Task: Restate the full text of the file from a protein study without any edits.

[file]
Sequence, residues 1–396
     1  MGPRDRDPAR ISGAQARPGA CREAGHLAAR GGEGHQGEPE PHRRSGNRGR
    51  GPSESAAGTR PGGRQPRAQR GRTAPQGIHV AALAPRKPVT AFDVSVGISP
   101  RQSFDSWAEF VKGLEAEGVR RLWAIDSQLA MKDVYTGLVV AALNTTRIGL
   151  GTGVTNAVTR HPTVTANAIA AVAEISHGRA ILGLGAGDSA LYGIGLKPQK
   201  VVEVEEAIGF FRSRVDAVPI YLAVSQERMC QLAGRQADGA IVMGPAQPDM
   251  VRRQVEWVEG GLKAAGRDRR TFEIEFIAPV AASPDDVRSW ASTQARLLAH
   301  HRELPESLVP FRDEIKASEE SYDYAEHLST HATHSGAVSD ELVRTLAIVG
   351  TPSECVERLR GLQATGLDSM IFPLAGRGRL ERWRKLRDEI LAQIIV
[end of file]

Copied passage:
Sequence, residues 1–396
     1  MGPRDRDPAR ISGAQARPGA CREAGHLAAR GGEGHQGEPE PHRRSGNRGR
    51  GPSESAAGTR PGGRQPRAQR GRTAPQGIHV AALAPRKPVT AFDVSVGISP
   101  RQSFDSWAEF VKGLEAEGVR RLWAIDSQLA MKDVYTGLVV AALNTTRIGL
   151  GTGVTNAVTR HPTVTANAIA AVAEISHGRA ILGLGAGDSA LYGIGLKPQK
   201  VVEVEEAIGF FRSRVDAVPI YLAVSQERMC QLAGRQADGA IVMGPAQPDM
   251  VRRQVEWVEG GLKAAGRDRR TFEIEFIAPV AASPDDVRSW ASTQARLLAH
   301  HRELPESLVP FRDEIKASEE SYDYAEHLST HATHSGAVSD ELVRTLAIVG
   351  TPSECVERLR GLQATGLDSM IFPLAGRGRL ERWRKLRDEI LAQIIV